The House Select Committee on Intelligence’s hearings have captured the news cycle for the past few weeks. A Washington Post media columnist, Margaret Sullivan, wrote in an article after the hearings concluded that they found a surprising amount of new information – including evidence that Trump was guilty of lying about the election results.
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As of late March, the Oversight Committee employed 50 people, including a former Republican member of Congress and the former president of ABC News, who is said to make the hearings gripping television. However, some high-profile staffing decisions have also made the news for the wrong reasons. Two of the committee’s new hires have been accused of retaliation against whistleblowers.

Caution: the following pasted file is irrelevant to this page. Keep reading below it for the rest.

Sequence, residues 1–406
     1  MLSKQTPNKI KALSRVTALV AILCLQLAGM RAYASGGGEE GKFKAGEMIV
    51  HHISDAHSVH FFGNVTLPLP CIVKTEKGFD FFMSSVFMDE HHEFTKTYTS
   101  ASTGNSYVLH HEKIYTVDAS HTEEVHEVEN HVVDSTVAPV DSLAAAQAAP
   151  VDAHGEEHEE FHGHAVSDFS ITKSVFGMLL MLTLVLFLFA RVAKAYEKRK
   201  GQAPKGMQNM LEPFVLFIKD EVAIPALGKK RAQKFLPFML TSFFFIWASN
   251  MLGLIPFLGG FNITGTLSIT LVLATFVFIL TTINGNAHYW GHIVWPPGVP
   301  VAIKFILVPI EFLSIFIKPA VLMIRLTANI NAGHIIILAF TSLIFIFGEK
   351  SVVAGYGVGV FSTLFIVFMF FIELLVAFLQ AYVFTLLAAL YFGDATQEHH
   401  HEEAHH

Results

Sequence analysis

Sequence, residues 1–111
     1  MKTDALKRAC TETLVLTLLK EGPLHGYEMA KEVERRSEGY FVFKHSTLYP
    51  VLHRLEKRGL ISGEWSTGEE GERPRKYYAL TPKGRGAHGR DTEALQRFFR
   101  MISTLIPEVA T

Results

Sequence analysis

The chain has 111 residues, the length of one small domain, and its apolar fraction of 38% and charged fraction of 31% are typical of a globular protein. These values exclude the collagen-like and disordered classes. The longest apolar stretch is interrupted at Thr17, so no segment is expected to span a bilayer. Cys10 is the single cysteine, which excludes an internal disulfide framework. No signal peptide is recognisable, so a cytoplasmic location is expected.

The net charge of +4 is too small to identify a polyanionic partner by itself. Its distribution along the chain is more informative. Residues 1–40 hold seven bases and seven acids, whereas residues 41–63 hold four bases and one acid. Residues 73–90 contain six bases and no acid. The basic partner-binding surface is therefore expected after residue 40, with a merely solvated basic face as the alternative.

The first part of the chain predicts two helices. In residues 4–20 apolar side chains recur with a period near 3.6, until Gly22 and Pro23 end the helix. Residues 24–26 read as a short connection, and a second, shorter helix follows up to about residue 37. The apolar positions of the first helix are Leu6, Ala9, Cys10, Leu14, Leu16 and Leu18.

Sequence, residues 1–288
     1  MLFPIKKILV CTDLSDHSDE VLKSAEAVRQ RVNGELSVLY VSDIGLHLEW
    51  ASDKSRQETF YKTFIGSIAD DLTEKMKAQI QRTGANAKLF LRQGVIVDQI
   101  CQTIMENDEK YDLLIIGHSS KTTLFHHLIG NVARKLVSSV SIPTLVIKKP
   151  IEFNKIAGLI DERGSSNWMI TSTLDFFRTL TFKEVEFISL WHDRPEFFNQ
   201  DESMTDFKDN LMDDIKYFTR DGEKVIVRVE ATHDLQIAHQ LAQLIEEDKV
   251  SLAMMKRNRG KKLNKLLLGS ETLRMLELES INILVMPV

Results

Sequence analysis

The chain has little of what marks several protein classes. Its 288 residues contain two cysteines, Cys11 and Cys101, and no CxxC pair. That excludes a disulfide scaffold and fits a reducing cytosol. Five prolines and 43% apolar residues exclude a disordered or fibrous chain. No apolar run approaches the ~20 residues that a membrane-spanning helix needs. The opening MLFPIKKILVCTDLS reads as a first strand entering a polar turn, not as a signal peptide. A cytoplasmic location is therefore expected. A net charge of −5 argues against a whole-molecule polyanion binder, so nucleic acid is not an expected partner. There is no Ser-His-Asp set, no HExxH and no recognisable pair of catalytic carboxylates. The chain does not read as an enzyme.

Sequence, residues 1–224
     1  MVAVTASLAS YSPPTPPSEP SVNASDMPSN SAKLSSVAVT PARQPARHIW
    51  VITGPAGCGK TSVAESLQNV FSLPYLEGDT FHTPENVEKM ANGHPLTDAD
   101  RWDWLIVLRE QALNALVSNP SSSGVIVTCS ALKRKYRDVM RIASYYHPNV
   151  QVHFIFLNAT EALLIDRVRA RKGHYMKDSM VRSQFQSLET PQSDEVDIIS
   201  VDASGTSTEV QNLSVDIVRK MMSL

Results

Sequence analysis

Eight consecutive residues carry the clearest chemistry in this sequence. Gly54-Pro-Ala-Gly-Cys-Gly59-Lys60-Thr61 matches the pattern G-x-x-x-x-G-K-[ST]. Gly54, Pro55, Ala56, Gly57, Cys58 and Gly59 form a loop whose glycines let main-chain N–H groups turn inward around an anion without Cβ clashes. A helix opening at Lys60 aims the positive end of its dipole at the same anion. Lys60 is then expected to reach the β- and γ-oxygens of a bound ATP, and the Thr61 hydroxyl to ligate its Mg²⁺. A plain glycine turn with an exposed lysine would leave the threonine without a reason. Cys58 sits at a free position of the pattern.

The House Oversight Committee is composed of nine members, but there is no ranking member. The Republicans on the committee were not recommended by McCarthy and are now on the committee. The United States District Court for the District of Columbia ruled that the concerns raised by McCarthy were not sufficient enough to stop the committee from doing its job.
The House Oversight Committee is also facing competition from the Department of Justice. During its early hearings, the committee was able to build a comfortable lead. But soon after, the committee entered a long period of radio silence. The committee repeatedly promised more hearings, and the delay became the subject of much hand-wringing. On Sunday talk shows, members of the committee mentioned the possibility of interviews with top Trump officials, cabinet officials, and Secret Service agents.
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While a powerful central figure like Cheney can make a Congress more entertaining, it’s unlikely that everything in it is. The partisanship of Congress can be more compelling than Cheney’s. Even if that’s the case, the political system can’t rely on such a central character to succeed. The resulting legislature would likely be seriously compromised and lack integrity.